Ultimately, the Minneapolis Fed outgrew its home on 250 Marquette Avenue, leading to the third building intentionally constructed to house the bank—its current location on Hennepin Avenue and First Street North, overlooking the Mississippi River (and the much-loved Grain Belt Beer billboard across the river). In Illustration 1, I picture the reserve bank’s current location.

Illustration 3: FRB of Minneapolis, located Hennepin Ave. and First St. North, 1997 — present.
Illustration 3: FRB of Minneapolis, located Hennepin Ave. and First St. North, 1997 — present.

The Minneapolis Fed is, like, a branch of the Fed, right? Nope.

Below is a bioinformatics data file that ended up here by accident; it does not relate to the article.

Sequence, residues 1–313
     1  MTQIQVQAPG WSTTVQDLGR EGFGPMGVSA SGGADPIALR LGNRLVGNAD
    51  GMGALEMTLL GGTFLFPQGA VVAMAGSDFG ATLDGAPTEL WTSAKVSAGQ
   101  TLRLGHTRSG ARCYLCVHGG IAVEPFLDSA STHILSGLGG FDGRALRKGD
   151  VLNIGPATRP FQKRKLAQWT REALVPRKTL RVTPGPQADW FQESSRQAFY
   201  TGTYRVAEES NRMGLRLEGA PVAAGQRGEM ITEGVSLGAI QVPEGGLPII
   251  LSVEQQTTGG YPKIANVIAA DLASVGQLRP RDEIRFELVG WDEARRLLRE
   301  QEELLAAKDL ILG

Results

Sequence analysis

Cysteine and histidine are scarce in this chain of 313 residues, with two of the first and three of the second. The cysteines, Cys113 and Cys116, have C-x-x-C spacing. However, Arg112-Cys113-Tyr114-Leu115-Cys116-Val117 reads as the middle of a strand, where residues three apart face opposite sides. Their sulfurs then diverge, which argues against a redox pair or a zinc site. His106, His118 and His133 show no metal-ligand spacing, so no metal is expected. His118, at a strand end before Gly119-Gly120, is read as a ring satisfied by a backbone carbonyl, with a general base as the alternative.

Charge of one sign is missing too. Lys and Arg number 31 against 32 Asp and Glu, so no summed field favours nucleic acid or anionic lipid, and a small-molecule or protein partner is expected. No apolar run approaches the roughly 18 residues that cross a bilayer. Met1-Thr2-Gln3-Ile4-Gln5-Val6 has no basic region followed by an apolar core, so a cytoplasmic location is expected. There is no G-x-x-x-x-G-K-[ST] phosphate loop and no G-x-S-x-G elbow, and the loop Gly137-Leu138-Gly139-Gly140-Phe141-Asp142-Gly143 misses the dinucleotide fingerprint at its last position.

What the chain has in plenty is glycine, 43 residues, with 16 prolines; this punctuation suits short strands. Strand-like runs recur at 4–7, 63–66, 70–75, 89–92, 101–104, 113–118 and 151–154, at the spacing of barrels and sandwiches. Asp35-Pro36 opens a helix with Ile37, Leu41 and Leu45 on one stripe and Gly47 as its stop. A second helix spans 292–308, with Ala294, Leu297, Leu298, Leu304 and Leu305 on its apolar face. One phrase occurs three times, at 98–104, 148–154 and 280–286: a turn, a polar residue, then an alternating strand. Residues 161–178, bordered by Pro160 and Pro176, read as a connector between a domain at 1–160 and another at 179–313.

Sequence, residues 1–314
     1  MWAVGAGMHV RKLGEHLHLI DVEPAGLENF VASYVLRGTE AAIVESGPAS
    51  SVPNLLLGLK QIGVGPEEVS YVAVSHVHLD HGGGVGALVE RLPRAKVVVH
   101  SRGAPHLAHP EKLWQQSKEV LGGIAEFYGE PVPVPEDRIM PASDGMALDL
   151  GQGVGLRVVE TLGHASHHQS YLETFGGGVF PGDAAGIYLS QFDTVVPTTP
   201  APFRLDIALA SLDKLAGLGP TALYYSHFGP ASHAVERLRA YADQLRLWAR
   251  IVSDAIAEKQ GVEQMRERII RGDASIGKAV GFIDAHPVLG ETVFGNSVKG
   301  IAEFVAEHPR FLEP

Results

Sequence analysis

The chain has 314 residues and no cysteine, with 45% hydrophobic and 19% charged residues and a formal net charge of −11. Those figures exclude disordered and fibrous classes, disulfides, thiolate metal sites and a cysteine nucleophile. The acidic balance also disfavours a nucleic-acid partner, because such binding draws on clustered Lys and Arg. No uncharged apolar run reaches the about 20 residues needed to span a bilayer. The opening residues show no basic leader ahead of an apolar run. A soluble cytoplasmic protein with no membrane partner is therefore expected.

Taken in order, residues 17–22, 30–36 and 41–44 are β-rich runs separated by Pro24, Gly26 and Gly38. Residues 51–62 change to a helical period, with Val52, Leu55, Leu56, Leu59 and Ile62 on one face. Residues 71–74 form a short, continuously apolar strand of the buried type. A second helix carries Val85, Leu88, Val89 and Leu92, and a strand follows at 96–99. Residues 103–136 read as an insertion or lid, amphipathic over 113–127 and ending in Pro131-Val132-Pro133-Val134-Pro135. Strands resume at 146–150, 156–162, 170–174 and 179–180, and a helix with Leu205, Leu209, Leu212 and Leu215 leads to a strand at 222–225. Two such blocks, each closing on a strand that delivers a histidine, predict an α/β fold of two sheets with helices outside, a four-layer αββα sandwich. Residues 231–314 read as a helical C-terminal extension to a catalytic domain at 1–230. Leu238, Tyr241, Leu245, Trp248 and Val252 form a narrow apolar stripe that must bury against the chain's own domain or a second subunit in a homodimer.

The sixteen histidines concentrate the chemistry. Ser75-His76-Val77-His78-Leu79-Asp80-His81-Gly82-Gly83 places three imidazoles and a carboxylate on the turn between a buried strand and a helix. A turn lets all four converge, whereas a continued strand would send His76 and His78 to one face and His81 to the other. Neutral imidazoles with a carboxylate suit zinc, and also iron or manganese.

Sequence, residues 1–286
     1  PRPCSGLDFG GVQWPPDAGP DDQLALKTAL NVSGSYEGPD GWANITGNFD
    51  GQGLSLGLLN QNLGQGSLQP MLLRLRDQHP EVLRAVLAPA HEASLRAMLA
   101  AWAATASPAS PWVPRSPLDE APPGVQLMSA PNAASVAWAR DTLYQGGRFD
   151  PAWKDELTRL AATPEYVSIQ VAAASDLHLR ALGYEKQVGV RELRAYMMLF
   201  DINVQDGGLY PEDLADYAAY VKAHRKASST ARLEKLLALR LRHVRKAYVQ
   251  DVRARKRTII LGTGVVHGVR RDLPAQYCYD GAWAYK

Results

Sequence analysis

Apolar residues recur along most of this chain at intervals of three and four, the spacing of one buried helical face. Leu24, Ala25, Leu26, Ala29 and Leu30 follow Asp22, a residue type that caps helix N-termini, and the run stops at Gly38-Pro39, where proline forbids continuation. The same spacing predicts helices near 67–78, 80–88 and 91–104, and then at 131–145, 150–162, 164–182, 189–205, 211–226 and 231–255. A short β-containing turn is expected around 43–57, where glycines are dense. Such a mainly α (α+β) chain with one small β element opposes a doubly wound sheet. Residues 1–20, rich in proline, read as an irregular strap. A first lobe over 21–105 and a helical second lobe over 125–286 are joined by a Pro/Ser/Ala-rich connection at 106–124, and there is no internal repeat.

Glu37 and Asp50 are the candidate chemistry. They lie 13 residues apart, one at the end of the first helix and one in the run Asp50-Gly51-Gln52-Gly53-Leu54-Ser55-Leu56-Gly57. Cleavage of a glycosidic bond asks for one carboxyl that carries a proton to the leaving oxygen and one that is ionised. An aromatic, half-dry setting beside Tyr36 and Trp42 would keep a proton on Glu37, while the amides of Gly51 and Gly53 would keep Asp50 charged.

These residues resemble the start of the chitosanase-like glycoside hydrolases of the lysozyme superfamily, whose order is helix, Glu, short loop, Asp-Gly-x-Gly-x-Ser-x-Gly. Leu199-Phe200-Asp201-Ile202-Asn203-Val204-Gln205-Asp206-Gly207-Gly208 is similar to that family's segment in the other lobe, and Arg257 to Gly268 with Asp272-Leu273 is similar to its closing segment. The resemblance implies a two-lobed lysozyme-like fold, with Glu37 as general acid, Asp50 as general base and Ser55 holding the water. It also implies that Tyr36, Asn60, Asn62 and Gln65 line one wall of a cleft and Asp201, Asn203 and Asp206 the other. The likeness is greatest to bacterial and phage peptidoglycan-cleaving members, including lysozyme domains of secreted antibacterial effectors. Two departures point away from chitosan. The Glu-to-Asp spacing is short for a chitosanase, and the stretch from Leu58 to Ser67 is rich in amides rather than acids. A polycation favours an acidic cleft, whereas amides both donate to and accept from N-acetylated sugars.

The Minneapolis Fed is one of twelve so-called reserve banks that together comprise, along with the Board of Governors located in Washington D.C., the central-banking system in the United States. This is to say, unlike the Bank of Canada or the Bank of England or the Bank of Japan, the Federal Reserve System is a system of independent central (reserve) banks—quasi-public government agencies, each of which controls a fundamental monetary-policy tool—or instrument, in the parlance of monetary theory: namely, the discount window. Banks seeking to borrow bank reserves—think, vault cash—from the lender of last resort do so at a reserve bank’s discount window; it’s a metaphor, the literal windows are no longer in service. The Minneapolis Fed serves, in this monetary-policy capacity and otherwise, the ninth district of the twelve-district Federal Reserve System. States in the ninth district includes Minnesota, Montana, North Dakota, South Dakota, the Upper Peninsula of Michigan, and northwestern Wisconsin. The twelve reserve banks are quasi-public—and, thus, quasi-private—because each reserve bank is owned by the member banks in the corresponding Federal Reserve System district. For example, the equity in the Minneapolis Fed is owned by member banks in the ninth district. These banks determine six of the corresponding reserve bank’s nine directors, who, in turn, appoint the reserve bank’s president—Neel Kashkari, in the case of the Minneapolis Fed.